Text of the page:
These include the Pheu Thai, Democrat, and Move Forward parties, all of which have made it plain what their positions are in advance of the election, which is likely to take place on May 7.
Sutin Klungsang, the deputy head of Pheu Thai, stated that his party only intends to allow the use of marijuana for medical and research purposes.
He declared, “We do not accept the usage of marijuana for recreational purposes and have always adhered to this stance.
Sutin said that Pheu Thai will take control of the Public Health Ministry and tighten marijuana laws if it were to lead the next administration.
As a member of the ruling coalition, Bhumjaithai Party currently serves as the Public Health Ministry’s director. Thailand has taken steps toward decriminalizing marijuana and promoting it as a cash crop for the underclass, among other things, with the party in charge of the ministry. Cannabis is increasingly utilized across the nation for a variety of reasons, including recreation.
More than 1.38 million persons had registered as cannabis cultivators in Thailand as of March 5. Yet, because the hemp and marijuana regulation bill is still pending in Parliament, there is no law governing the usage of cannabis.
Sutin added, “The executive branch [leadership] of the government should accept responsibility for the harm produced by this vacuum.
The Democrats, on the other hand, oppose the unrestricted commerce of marijuana, according to party MP Dr. Banyat Chetanachan.
The alliance in power also includes the Democratic Party.
He declared, “I believe that the proposal put forth by [Public Health Minister and Bhumjaithai leader] Anutin Charnvirakul promotes marijuana use for recreational purposes.
Pita Limjaroenrat, the leader of the opposition Move Forward Party, has even more stringent views on marijuana. He thinks marijuana ought to be reclassified as a drug.
He said, “We ought to abide by the Single Convention on Narcotic Substances of the United Nations.
In an effort to take advantage of the potentially lucrative market, cannabis plantations have proliferated all throughout the nation.
Cannabis has been included by several companies in food, cosmetics, wellness services, and other products.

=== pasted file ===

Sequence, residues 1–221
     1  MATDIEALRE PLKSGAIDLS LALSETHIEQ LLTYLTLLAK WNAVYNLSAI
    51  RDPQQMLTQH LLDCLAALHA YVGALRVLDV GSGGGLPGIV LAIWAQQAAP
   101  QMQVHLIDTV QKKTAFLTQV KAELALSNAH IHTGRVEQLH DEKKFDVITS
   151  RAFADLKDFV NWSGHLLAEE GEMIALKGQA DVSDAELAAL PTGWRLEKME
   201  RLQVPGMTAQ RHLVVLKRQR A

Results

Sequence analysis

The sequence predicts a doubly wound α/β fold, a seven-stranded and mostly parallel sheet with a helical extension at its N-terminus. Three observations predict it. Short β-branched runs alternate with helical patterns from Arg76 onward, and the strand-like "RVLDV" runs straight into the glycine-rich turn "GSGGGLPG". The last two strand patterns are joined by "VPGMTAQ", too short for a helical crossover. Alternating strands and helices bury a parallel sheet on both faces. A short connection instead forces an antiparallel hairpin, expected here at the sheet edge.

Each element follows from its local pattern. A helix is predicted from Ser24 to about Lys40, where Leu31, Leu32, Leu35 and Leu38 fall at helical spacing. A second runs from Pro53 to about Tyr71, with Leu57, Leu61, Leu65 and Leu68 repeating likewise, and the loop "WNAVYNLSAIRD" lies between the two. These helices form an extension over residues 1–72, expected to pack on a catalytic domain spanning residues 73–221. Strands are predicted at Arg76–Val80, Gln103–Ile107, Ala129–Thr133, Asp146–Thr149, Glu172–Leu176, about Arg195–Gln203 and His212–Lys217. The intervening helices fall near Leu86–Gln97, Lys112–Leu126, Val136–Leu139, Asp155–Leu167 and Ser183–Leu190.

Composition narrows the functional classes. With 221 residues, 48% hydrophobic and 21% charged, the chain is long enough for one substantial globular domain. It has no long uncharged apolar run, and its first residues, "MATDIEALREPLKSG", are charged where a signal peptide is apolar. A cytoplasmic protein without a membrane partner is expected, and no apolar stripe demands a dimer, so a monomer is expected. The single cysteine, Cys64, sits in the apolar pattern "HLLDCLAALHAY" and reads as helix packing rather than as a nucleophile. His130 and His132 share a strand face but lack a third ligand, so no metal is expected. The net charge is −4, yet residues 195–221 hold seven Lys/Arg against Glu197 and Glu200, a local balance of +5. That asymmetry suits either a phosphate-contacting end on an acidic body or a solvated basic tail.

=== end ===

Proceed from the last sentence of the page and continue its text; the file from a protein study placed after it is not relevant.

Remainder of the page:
Sutin promised to consider all effects when arguing for the exclusive use of cannabis in medicine and research.
“If it is possible, we will relist cannabis as a narcotic, but if that poses a significant issue, we will establish corrective measures and allow the impacted parties time to adjust,” he said.
Banyat of the Democrats stated that if his party is elected to office, he will request that the permanent secretary of Public Health and the head of the Food and Drug Administration (FDA) establish a center to evaluate all implications.
Afterwards, he continued, “we can ask the Narcotics Control Board to make a new decision based on the data acquired.
He believes that the current legal void has made the marijuana business susceptible to exploitation. He thinks the vacuum also provides a way for those running unscrupulous enterprises to hide their illicit riches.
“I believe that we should draft three new bills: one for medical marijuana, one for hemp use, and one for recreational marijuana use. Let the public discuss the final measure, said Banyat.
Pita, the leader of Move Forward, argued that despite regulations restricting marijuana’s uses, the general public should still have access to the drug’s health advantages. But, in order to safeguard the general populace, cannabis must unquestionably be classified as a drug.